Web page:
Wednesday, March 12, 2008

There are lame guitar shops, and then there's Rockin' Robin

For the fourth-largest city in the Republic, there really is a dearth of good, local guitar shops in Houston. The shop of choice for most seems to be the 36-year-old Rockin' Robin Guitars, often viewed by Inside-the-Loopers as the venerable go-to place for the sophisticated guitar connoisseur. What a bunch of hooey. The selection there is horrible. Unless you're looking for a random-year Strat or Les Paul (and you don't care what exact year or which particular model), then you're out of luck. Barely less common guitars are almost impossible to find: mention a Rickenbacker 660/12 or a Gibson Hummingbird, and you'll only get blinks in return. Actually, that's not entirely fair: they'll blink at you, and then they'll tell you how nobody plays those guitars, and how this beaten-up Korean-made Strat they happen to have is really more worthwhile to own. Certain manufacturers they apparently don't even sell, like Vox. Not selling Vox amplifiers? Really? Shopping at Rockin' Robin is thus akin to going to a garage sale: the inventory is random and incoherent, as if limited to whatever stuff Mr. Rockin' Robin happened to have bought for himself over the last thirty-plus years (and priced at about 30% more than what you should be paying for it). Throw into the mix the condescending attitude of the employees, and what you've got is a rarity: a guitar store that is actually a bummer to hang out in.

But there are those who love Rockin' Robin. Why? The answer is simple: given its location, equidistant between River Oaks and the West U./Southampton area, a lot of Rockin' Robin's customers simply have more money than experience (or time) to know any better. The clientele comprises mainly doctors and lawyers or their floppy-haired kids. (I know--growing up in West U. and frequenting Rockin' Robin when I was younger, I recognize my own kind when I see it.) Rockin' Robin thus smartly caters to a middle-aged, bourgeois imagining of what a guitar store should look like: poor lighting, torn concert bills and posters on the walls, amps lying about, peeling stickers on old rotten door frames, employees with long hair and rock-n-roll snarls. I guess the look is right (for those expecting their guitar shops to look like something out of Guitar Hero), but everything else--involving the actual buying of guitars--is wrong.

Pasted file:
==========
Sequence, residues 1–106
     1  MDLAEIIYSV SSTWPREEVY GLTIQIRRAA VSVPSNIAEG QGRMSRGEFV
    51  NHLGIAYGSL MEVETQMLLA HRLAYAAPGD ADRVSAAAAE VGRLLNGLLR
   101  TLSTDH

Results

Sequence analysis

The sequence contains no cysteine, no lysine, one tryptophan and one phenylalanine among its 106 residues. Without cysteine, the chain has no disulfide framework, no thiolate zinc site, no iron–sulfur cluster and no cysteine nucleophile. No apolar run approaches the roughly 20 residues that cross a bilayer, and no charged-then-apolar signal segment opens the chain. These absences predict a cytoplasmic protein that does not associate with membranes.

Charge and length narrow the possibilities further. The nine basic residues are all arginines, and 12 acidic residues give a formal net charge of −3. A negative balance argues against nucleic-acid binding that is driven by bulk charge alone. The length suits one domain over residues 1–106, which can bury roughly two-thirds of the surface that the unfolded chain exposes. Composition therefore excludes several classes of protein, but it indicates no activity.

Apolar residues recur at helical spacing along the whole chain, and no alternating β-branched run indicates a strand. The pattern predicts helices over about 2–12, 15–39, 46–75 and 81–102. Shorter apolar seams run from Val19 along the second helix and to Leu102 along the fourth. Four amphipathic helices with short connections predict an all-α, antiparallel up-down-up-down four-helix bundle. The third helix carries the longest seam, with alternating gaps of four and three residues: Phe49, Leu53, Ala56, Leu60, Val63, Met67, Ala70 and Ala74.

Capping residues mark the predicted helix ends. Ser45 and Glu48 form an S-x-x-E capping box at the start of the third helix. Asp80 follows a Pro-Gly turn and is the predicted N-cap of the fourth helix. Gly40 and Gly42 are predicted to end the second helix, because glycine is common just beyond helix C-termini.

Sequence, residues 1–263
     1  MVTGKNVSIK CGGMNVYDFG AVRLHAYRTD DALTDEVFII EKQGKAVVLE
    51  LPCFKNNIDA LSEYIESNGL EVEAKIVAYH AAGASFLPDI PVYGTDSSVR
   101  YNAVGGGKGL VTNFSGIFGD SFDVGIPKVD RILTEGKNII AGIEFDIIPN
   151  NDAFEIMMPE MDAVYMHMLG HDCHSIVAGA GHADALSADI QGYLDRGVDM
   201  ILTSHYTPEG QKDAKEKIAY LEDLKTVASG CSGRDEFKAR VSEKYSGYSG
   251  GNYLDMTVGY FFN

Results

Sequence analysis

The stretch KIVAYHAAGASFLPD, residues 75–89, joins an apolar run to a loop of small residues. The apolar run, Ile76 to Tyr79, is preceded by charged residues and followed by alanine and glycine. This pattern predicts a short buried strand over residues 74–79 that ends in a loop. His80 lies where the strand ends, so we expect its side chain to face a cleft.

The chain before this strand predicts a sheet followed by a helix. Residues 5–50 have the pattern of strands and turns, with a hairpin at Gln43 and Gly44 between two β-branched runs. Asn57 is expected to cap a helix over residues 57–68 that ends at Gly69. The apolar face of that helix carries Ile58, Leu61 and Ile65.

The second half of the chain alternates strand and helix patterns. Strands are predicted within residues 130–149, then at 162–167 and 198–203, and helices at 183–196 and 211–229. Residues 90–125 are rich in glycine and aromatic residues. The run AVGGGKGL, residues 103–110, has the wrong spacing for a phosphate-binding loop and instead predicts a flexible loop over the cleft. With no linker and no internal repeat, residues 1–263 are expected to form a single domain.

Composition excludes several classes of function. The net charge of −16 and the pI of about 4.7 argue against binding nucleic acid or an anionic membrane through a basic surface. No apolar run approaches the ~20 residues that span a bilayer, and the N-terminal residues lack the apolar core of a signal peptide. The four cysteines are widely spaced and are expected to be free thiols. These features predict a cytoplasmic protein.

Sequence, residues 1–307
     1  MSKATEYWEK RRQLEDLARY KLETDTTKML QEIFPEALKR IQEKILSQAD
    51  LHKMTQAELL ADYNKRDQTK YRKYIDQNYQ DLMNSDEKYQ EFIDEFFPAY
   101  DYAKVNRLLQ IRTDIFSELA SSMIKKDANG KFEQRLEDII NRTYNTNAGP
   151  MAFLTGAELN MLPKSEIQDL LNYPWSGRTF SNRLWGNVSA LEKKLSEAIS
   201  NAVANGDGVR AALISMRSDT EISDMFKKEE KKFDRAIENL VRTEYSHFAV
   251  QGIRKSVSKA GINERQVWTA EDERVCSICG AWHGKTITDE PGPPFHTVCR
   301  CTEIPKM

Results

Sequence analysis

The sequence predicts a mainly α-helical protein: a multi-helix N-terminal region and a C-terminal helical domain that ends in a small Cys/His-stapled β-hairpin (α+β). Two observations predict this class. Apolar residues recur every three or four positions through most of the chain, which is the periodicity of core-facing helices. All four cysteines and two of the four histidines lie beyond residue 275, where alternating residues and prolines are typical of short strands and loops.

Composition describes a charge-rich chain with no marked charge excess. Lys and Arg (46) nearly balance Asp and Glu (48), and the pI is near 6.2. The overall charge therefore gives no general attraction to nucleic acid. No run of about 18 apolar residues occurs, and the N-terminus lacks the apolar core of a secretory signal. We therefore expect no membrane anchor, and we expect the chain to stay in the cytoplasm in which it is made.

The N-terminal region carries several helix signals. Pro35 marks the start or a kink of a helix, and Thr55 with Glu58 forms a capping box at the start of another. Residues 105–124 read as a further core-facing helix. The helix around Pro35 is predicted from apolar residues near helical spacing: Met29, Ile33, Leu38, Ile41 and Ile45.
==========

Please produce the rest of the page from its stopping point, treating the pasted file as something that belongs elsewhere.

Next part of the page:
In contrast, the best guitar shop in Houston, also locally owned, is Fuller's Vintage Guitars. Located near 610 and Shepherd, it has an impressive selection of new and vintage guitars, hung neatly and logically throughout the store. The prices are as low as any you would find on the web, and the staff is very knowledgeable and helpful. They're basically guitar nerds, and with their large inventory, they pretty much have to be. Fuller's apparently has one of the largest Rickenbacker collections in the country, and when shopping for a Gibson ES-335 last year, I had my pick of about six in the store. That's admirable. One important advantage Fuller's seems to have is its relationships with the major guitar manufacturers; it is, for example, one of only twenty-six shops in the U.S. designated as a Gibson Original Dealer. As someone with no affiliation with either Fuller's or Rockin' Robin but who has spent a lot of time in both, the difference between the two is night and day. One is an actual, working guitar shop; the other is a clich├ęd cartoon of one.

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